Mike Pracht.
     
  12. Barry C. Roach

    Barry C. Roach Well-Known Member

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    .410's are guns for experts. You may be starting him off too soon. I've seen it many times. The kid gets knocked back a couple of times, even with the .410, and you lose a new shooter. I suggest that you nurture your kid's interest in guns with the BB gun for a while longer. Good luck.
     
  13. steele

    steele TS Member

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    Jim,
    At our club several years ago, we had people bringing their kids to the shoots we had. Most of these kids were 6-10 years old. As most kids, they got bored sitting around. To entertain them a little, I had an old Chipmonk 22 that I brought to the club & loaded it with 22 birdshot & let the kids shoot at balloons lying on the ground. As the kids got better, the stationary balloons weren't any fun. I rigged up an 8' 2x4 to the front of a traphouse & attached springloaded clothes pins to it. I drilled a hole thru the clothespin, thru the 2x4, & ran a string thru it with a knot. I then put helium balloons in the clothespins. I ran the string back to the 16 yard, where the kids stood with the chipmonk. They call "Pull", I pulled a string, & the balloons float up & away & they shot at them. The kids loved it. We set it up to hold 10 balloons, so they shot 2 from each position. We ended up buying 5 Chipmonks & our local gunsmith took off the sights & installed ribs. The kids started their own league & even designed a handicap system. We ended up with about 20 kids. The local welding shop even donated the helium we needed. In the end, we started tying a string to the balloons, to retrieve missed balloons. This is a supervised instruction with a real gun & real ammunition. I've found that air rifles are thought of as toys by most kids. I think the noise might add the realism they need for them to take it seriously.
    Butch from Pgh
     
  14. senorric

    senorric Member

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    At 7 years old, I wholeheartedly vote for the .410. To start a young shooter, better not enough gun than too much. Helps prevent flinching and development of all sorts of bad habits. Been there ---
     
  15. g7777777

    g7777777 TS Supporters TS Supporters

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    Browning recoiless is a horrible choice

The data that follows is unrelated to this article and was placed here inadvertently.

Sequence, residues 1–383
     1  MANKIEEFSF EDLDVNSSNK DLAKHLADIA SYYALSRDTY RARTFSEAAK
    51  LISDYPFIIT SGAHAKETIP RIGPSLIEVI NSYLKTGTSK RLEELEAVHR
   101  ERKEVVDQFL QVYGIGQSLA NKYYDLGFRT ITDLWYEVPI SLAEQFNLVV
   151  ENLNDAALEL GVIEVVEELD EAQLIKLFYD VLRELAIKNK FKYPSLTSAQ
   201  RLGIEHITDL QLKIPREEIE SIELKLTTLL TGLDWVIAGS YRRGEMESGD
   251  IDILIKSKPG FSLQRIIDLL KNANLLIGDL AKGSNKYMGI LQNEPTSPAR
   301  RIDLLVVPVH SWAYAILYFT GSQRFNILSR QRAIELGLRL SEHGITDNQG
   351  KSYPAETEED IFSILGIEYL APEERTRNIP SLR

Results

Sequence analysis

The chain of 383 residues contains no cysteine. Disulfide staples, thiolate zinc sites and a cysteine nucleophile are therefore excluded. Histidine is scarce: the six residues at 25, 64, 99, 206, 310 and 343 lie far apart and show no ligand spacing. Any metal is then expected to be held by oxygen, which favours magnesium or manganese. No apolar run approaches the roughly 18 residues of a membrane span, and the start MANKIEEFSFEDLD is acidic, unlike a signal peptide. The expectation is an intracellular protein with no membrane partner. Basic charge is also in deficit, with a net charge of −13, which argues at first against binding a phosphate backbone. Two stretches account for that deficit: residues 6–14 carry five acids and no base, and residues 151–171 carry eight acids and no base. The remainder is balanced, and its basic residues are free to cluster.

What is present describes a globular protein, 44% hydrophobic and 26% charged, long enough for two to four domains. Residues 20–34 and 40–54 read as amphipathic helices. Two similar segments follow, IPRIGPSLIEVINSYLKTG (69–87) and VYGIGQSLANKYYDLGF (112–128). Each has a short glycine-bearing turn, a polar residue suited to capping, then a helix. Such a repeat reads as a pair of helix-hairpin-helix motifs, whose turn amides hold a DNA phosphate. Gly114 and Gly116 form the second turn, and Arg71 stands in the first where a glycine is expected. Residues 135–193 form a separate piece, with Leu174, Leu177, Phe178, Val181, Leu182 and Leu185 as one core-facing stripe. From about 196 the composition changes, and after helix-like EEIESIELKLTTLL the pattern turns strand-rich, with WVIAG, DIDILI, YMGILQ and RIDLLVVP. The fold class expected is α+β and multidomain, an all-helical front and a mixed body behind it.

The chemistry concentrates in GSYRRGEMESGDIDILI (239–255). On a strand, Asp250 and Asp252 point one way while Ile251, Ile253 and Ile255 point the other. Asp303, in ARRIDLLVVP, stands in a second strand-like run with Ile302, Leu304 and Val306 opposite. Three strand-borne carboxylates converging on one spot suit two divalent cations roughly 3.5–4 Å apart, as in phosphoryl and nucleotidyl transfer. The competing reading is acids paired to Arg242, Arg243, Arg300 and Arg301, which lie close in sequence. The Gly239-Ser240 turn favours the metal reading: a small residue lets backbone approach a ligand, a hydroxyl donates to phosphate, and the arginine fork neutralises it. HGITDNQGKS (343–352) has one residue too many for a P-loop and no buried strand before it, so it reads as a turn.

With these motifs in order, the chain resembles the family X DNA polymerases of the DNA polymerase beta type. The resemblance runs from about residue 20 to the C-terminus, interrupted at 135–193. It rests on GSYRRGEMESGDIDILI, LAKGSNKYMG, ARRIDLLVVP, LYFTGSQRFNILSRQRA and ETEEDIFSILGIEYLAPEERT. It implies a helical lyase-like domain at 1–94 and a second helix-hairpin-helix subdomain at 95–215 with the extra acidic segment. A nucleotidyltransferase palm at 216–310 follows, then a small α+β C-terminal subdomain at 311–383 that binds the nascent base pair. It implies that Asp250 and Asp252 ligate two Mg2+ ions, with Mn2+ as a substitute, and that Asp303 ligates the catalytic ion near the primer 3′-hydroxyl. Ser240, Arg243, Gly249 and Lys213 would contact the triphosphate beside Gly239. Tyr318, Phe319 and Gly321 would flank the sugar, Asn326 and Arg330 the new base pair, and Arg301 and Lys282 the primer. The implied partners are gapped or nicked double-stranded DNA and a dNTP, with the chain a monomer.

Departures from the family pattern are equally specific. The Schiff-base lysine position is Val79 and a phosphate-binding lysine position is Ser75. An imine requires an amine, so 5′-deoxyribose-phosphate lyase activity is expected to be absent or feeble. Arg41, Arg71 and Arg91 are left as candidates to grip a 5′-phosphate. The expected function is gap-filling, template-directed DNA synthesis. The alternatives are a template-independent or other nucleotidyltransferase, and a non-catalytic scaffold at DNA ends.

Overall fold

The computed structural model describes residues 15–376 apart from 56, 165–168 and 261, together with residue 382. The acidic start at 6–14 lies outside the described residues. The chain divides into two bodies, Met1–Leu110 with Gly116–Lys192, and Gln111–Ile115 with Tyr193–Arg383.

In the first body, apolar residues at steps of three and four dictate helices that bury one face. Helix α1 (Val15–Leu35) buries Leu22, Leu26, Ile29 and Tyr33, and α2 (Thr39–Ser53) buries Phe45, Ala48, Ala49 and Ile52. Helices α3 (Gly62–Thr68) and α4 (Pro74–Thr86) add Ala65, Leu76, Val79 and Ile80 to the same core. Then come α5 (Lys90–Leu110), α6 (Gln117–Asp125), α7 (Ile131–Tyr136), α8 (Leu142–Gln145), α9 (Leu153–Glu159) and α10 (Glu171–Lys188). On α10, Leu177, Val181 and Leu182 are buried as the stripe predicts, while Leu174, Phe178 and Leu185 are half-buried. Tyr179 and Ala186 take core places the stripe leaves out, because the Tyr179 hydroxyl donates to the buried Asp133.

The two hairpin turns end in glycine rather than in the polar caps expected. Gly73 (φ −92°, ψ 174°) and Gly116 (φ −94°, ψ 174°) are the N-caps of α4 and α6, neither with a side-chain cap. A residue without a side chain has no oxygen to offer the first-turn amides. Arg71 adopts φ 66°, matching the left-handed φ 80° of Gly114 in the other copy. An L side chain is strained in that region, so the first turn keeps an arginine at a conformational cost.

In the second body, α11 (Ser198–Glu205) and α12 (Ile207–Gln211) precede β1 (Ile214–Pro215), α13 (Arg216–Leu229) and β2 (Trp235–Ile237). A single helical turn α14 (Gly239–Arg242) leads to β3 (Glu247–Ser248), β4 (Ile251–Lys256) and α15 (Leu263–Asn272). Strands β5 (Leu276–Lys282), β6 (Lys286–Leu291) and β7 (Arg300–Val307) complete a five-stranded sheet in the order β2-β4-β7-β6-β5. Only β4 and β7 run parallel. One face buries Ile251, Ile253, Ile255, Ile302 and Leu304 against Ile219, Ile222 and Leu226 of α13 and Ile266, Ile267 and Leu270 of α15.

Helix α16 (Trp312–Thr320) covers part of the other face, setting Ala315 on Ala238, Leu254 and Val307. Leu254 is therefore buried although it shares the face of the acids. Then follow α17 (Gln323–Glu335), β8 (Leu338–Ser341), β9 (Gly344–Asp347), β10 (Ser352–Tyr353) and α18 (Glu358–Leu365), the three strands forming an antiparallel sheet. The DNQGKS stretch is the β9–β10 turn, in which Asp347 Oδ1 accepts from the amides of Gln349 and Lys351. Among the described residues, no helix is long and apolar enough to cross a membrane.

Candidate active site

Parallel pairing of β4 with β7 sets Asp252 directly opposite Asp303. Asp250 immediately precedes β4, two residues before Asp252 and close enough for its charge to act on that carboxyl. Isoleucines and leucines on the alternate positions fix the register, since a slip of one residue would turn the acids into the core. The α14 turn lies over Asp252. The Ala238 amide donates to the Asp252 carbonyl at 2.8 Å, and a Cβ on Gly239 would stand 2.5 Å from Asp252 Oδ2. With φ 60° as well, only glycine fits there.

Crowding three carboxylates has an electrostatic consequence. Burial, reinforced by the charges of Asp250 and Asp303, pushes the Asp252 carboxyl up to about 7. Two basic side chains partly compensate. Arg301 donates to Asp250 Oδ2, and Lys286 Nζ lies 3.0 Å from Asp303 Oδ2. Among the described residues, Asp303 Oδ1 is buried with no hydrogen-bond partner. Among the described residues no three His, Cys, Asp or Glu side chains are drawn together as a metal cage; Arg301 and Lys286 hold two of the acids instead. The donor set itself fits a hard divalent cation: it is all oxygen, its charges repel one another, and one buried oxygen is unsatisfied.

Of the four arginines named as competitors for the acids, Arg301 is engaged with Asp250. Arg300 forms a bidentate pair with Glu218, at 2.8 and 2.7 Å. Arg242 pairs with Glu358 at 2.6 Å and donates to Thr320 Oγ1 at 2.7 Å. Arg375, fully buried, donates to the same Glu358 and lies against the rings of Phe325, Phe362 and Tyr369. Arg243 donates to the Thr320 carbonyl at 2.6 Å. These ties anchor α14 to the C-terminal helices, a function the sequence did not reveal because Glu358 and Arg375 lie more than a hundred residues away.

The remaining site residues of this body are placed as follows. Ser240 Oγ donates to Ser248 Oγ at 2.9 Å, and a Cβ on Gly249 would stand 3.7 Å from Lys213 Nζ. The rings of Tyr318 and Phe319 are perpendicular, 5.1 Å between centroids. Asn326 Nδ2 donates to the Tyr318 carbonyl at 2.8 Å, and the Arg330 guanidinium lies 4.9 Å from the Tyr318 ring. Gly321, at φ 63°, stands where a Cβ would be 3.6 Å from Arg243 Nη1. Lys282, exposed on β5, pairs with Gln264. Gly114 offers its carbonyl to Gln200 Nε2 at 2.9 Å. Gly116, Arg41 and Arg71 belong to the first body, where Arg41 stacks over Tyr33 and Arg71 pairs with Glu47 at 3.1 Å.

Too heavy for most strong adults

    Awkward

    Doesnt work some of the time

    You have to have a gun that

    1. Fits them

    2. That they can hold

    3. That recoil is manageable

    4. That has enough pellets in the pattern to break a target should you shoot at moving targets

    All said that means a youth special auto, maybe a pump or a single shot 20 gauge

    If you dont have the money to buy a youth model- than cut off the stock and purchase an adult used gun

    Regards from Iowa

    Gene
     
  16. lbshootin

    lbshootin Active Member

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    My (now 11) son started with a 26" Remington 870 20ga when he was 8, prior to getting fitted with a mouthful of braces, he was shooting a Berretta 391 with a shortened stock and a 26" barrel in 12ga. Now he is shooting my Winchester 42 in .410 but is really happy hitting 12 to 15..He has been counseled by a couple of good coaches that at this point in time (as long as he has braces)..that shiuldrr time is just as important. He also is shooting his .22lr rifle and has left his .243 jn the safe for now...nothing like recoil into braces to ruin a good, young shooter..he is pretty good with his Daisy as asell!!!!
     
  17. James344

    James344 Active Member

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    The little one has a Daisy BB gun and loves it. He loves going to shoot practices and competitions to watch big brother shoot, but is starting to get itchy about shooting himself. We've told him he needs to grow a little more, but it's getting hard to tell him no. Just want something he can start with just to try it out.
     
  18. halfmile

    halfmile Well-Known Member

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    Youth size gas auto, 3/4 oz loads. Ben was 8 and it worked fine for him.

    If the kid is tiny, wait on the gun, get a Daisy. You can't even pull the trigger with the handle open any more.

    HM
     
  19. cotrshooter

    cotrshooter Member

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    28 is the way to go. Less recoil and still performs well. A 20 ga. still has alot of recoil for a youngser.
     
  20. erock_germany

    erock_germany Member

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    I started with an H&R 20 gauge single shot at age 8 and I was not the biggest back then. The barrels are short and my dad cut and glued a comb on that made it work well for trap.

    You have to cock the buggers but it is good to learn the safety aspect and you can get light 20 gauge loads or roll your own to suit.

    It was the best way to get me on the way.

    Tried the .410 on a skeet field at age 7 at low 7 and high 6 and I just got bummed out and went back to plinking with my .22

    The route with the H&R made it happen and then I went to a 20 gauge in skeet a year later (a mule kicking Winchester 101 at that) and I have been shooting since.

    That was 1973